What We Are Reading Today: The Ungrateful Refugee by Dina Nayeri

Updated 10 September 2019

What We Are Reading Today: The Ungrateful Refugee by Dina Nayeri

The Ungrateful Refugee is a clarion call for human dignity, especially for those who have been forced from their home countries.

Author Dina Nayeri details her experience fleeing Iran as a child and ties it to several other refugees’ stories — people who fled persecution and certain death to give themselves and their families a better life.

Nayeri “tears the flimsy distinction between ‘economic migrant’ and ‘refugee’ to shreds as she argues for a common humanity no matter the circumstances and reveals callous and inhumane Western attitudes and policies toward immigrants,” said a review in goodreads.com.

The Ungrateful Refugee “is a blend of memoir and nonfiction that recounts Nayeri’s experiences as a young refugee, with additional narratives from other refugees from Iran who looked to Europe and the US as safe havens only to go through years of brutal hardship and callous bureaucracy,” added the review.

“It should come as no surprise that this book is full of righteous anger at the way refugees are treated by the Western world. This is absolutely a book for our times.”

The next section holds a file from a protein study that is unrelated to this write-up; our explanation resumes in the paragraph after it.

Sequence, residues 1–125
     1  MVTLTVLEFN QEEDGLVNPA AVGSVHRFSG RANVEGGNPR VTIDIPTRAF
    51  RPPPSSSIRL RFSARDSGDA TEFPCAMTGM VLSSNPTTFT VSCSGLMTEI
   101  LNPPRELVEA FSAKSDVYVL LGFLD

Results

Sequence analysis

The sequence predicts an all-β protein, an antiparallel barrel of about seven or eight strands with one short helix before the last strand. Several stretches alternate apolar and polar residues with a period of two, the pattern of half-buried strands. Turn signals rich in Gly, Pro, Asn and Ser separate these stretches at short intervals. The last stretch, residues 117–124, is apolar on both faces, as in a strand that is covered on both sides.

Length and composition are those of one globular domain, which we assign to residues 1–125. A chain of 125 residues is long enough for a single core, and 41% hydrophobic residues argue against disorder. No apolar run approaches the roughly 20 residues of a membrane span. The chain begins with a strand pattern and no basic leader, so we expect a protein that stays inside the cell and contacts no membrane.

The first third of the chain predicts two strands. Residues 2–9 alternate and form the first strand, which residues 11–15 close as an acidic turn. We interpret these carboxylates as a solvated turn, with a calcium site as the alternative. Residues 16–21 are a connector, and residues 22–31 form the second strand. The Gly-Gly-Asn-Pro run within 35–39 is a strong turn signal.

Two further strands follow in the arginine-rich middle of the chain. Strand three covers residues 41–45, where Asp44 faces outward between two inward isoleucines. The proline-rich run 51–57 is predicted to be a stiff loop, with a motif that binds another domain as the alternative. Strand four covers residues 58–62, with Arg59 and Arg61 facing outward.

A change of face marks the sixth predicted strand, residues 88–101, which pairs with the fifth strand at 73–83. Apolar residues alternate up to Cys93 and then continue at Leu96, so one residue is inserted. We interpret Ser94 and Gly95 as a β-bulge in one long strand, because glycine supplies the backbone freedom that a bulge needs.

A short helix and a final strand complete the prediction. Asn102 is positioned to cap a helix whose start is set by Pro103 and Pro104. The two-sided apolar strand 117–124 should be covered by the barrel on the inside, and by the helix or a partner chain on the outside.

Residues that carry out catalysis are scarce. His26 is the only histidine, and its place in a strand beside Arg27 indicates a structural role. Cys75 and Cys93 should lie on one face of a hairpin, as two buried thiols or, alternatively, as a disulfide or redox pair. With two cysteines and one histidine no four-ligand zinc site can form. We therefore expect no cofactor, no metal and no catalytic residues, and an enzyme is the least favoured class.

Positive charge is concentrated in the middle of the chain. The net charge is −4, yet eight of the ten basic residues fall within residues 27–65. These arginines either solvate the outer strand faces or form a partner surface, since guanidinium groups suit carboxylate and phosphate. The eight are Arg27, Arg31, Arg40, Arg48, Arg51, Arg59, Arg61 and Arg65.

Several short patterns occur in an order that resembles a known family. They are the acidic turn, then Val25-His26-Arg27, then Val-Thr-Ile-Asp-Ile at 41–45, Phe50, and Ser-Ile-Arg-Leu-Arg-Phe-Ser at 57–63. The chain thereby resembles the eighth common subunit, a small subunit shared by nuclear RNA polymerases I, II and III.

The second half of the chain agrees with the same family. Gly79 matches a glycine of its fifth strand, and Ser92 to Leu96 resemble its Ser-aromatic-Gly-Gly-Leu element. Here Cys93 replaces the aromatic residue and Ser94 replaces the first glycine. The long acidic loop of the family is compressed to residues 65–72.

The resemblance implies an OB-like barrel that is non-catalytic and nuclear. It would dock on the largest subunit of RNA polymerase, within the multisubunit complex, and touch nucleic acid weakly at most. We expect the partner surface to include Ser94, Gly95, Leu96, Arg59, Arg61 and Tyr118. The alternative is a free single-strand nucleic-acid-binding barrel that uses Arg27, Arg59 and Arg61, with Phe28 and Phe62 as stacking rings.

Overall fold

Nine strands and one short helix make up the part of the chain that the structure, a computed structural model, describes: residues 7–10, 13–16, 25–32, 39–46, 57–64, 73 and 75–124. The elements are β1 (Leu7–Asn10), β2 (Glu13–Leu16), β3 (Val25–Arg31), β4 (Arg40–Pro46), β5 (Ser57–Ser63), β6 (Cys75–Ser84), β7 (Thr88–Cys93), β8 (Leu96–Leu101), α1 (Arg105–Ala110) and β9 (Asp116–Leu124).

What We Are Reading Today: The Puritans: A Transatlantic History by David D. Hall

Updated 21 November 2019

What We Are Reading Today: The Puritans: A Transatlantic History by David D. Hall

This book is a sweeping transatlantic history of Puritanism from its emergence out of the religious tumult of Elizabethan England to its founding role in the story of America. 

Shedding critical new light on the diverse forms of Puritan belief and practice in England, Scotland, and New England, David Hall provides a multifaceted account of a cultural movement that judged the Protestant reforms of Elizabeth’s reign to be unfinished. Hall’s vivid and wide-ranging narrative describes the movement’s deeply ambiguous triumph under Oliver Cromwell, its political demise with the Restoration of the English monarchy in 1660, and its perilous migration across the Atlantic to establish a “perfect reformation” in the New World.

A breathtaking work of scholarship by an eminent historian, The Puritans examines the tribulations and doctrinal dilemmas that led to the fragmentation and eventual decline of Puritanism. It presents a compelling portrait of a religious and political movement that was divided virtually from the start.

In England, some wanted to dismantle the Church of England entirely and others were more cautious, while Puritans in Scotland were divided between those willing to work with a troublesome king and others insisting on the independence of the state church.

Related